The lesson Ogier learned from his sixth Portugal win

Even in the process of taking a 60th WRC win, Sébastien Ogier still discovered something new

Ogier05POR24mj255 (1)

After adding World Rally Championship victory number 60 and becoming the most successful driver in Rally Portugal history, surpassing Markku Alén, you’d think Sébastien Ogier had nothing left to learn.

But it turns out you can teach an eight-time world champion new tricks.

In amongst the drama for his Toyota team-mates – two crashed out and the other had a puncture, damaged the cooling on his car and his co-driver lost his pace notes – Ogier’s rally will have seemed serene by comparison.

But there was a drama that was easily forgotten in the madness: Ogier and co-driver Vincent Landais suffered an intercom failure on Arganil, Friday’s longest stage.

That issue highlighted that, as it turns out, one of the world’s most successful and experienced rally drivers hadn’t seen and done it all.

He and Landais suddenly had to improvise; Landais valiantly tried to describe the road with his hands but to limited effect.

“The truth is we never prepared that together,” Ogier told DirtFish. “We never prepared for this situation because it was the first time in my career that I lost the intercom and I had an issue with the helmet. It was a broken cable I heard, so bad luck.

Landais05POR24mj260 (1)
It's quite easy to understand now that we have talked but we should have done it before. Vincent Landais

“Vincent and I have been together less than two years and honestly we never practiced this situation. He gave me some signs but I was not sure what he was meaning with his signs, so I didn’t really listen to it to be honest. I barely watched!

“But now actually we have talked about it and if it happened again we might be a little bit better prepared.”

The champagne has barely stopped bubbling and the hood of the winning GR Yaris Rally1 is still warm to the touch. But, faced with an unexpected reality. Ogier and Landais have already discussed and implemented a new system in case intercom problems should ever happen again.

Landais admitted that they “should have talked about that before because we never thought that it could happen.”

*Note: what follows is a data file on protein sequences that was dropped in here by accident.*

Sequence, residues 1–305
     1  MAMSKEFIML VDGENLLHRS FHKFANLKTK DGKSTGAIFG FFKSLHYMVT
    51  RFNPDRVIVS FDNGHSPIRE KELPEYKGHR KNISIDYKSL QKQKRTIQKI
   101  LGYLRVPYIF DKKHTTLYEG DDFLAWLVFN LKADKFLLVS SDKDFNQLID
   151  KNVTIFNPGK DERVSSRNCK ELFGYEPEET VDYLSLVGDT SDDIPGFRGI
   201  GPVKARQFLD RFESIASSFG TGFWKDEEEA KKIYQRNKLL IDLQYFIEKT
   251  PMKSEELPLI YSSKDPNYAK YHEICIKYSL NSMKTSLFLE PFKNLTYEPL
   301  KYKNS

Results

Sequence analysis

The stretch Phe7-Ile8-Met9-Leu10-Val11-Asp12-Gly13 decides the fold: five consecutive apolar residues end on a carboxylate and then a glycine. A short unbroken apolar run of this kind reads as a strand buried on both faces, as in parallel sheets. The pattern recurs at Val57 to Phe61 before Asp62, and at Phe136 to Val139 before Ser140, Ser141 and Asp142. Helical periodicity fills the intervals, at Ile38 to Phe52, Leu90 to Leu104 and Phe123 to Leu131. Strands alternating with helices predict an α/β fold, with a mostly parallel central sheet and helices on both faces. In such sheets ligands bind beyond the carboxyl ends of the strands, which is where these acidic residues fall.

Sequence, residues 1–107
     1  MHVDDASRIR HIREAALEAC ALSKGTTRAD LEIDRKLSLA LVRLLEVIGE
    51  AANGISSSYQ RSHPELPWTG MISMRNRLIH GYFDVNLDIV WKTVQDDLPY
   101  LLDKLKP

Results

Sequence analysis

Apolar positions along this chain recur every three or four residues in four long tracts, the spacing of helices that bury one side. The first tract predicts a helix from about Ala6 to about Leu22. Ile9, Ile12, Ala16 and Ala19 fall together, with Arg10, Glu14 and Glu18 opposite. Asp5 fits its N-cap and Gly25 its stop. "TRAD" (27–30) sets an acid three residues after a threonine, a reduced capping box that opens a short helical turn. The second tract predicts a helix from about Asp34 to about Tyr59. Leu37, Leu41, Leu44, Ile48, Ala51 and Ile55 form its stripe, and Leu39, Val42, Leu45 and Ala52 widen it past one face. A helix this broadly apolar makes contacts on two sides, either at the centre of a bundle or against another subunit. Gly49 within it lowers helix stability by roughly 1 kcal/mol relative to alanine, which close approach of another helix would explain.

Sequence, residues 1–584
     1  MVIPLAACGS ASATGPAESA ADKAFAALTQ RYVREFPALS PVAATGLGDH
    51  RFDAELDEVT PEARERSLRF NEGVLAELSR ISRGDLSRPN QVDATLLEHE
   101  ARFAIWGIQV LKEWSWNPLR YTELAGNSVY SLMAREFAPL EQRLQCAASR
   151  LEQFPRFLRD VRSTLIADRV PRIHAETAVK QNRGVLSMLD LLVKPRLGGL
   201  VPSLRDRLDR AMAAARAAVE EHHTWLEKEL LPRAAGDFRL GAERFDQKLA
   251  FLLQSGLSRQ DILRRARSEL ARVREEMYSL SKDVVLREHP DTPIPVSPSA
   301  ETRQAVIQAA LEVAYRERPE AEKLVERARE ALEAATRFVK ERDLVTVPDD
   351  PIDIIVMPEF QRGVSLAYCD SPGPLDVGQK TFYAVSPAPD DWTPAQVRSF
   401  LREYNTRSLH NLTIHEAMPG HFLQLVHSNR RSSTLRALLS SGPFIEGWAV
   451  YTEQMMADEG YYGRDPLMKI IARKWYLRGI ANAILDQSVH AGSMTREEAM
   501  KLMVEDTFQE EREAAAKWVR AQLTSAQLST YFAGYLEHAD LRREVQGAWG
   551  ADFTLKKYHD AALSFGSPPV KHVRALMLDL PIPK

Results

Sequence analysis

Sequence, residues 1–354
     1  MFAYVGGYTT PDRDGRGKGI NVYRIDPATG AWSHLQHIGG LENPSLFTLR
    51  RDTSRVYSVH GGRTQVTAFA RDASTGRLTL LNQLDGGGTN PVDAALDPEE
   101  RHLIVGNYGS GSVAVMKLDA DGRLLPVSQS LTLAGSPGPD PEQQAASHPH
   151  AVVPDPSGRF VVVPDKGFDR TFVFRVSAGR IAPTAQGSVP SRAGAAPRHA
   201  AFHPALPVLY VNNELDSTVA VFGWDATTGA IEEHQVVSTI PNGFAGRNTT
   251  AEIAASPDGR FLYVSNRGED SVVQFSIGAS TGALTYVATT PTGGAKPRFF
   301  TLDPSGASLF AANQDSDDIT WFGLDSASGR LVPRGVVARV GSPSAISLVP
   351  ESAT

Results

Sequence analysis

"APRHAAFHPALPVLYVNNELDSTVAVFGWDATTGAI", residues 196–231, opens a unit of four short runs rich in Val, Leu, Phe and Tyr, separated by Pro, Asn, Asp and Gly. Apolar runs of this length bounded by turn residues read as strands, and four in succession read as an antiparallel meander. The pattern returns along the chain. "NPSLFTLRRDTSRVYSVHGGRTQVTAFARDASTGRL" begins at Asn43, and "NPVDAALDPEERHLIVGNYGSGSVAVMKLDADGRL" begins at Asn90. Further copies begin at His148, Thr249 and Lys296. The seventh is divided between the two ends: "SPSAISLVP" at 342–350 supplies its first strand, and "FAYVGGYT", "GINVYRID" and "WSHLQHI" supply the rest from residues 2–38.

But what’s done is done. And like the model professionals they are, a new backup system has already been worked out.

Ogier05POR24mj511 (1)

No hand signals needed to decipher this!

“We have an angle for the corners, so with my fingers I can make some corners. We’re going to remember that, and in the future we know that if I make three like this,” says Landais as he holds three fingers up and waves to the left,” it’s 130, because the corner is 130. Or four is for 140, and five for 150. It’s quite easy to understand now that we have talked, but we should have done it before.”

The upside is it didn’t cost them much. With no pacenotes being piped into his ear, Séb banked on all those years of experience.

“Staying calm in this moment and managing the time lost was key for sure because I think it didn’t cost us much,” said Ogier. And he was right: limiting his losses to only a couple of seconds made a difference in the end – he was just a little too far away from Ott Tänak for the chasing Hyundai to attempt a last-ditch push for victory on the powerstage.

“Luckily [Arganil] was also a stage we’ve done many times in the past which means I remember most of it. But of course there was still a couple of hesitations on the very fast places where there was a big drop on the right of the road, so you definitely don’t want to crash there.”

Ogier knows almost everything. And now the list has grown by one: how to deal with no intercom. Rallying never fails to surprise, even for those who think they’ve seen it all.